Letting Go of Old Ideas

Will C. greeted me at my first meeting and was instrumental in my early recovery. Like his life, Will kept his sharing very simple. He would often say one or two sentences then close with "I came from my drinking, but I stayed for my thinking." This slogan has taken on increasingly more meaning for me as the years pass by.

I didn't become a drunk because I loved the taste of scotch (although it didn't hurt). As Bill says "bottles were only a symbol." I drank because alcohol gave me a sense of ease and comfort--a temporary escape from the anxiety that gnawed constantly at my well-being. I know today that anxiety is a product of believing fearful, guilty and resentful thoughts. Like the Cajuns on the bayou who marry their cousins, my thoughts mate and a whole slew of mutated ideas result. Here's a short list of the false beliefs, my moldy oldies, that have surfaced so far:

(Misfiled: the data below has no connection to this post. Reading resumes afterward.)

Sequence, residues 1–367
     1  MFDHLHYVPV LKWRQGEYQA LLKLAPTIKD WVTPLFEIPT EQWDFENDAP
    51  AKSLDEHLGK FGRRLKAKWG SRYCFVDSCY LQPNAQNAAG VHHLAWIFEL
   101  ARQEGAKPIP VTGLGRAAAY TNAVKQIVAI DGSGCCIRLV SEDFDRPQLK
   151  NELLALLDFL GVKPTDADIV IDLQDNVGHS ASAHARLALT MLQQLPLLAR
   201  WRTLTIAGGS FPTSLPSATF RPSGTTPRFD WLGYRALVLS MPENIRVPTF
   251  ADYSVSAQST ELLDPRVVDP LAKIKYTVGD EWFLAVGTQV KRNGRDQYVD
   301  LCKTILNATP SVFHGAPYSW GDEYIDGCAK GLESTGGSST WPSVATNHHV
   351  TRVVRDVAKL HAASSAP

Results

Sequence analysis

People should treat me with respect; I can control how others feel --about me; Life should be fair. I am not good enough; People should keep their promises; more money will make me happy; I need to be in control; I am right about mostly everything; I know what’s best for me.

The insidious thing about these beliefs is that I don't even know I have them -- until somebody pushes one of my buttons that is. Then watch out. I will not only freely give away my peace of mind, but I'm likely to take yours hostage too! Going to meetings alone may keep me sober, but meetings alone will not restore me to sanity. I must be changed at depth. The steps, especially four through seven, open the door to truth by bringing these false thoughts into my conscious awareness. Only after seeing my stinking thinking up close and personal, can I finally be willing to be changed. As Bill said, "we learned we had to get rid of our old ideas absolutely." That word -- absolutely -- doesn't leave much wiggle room.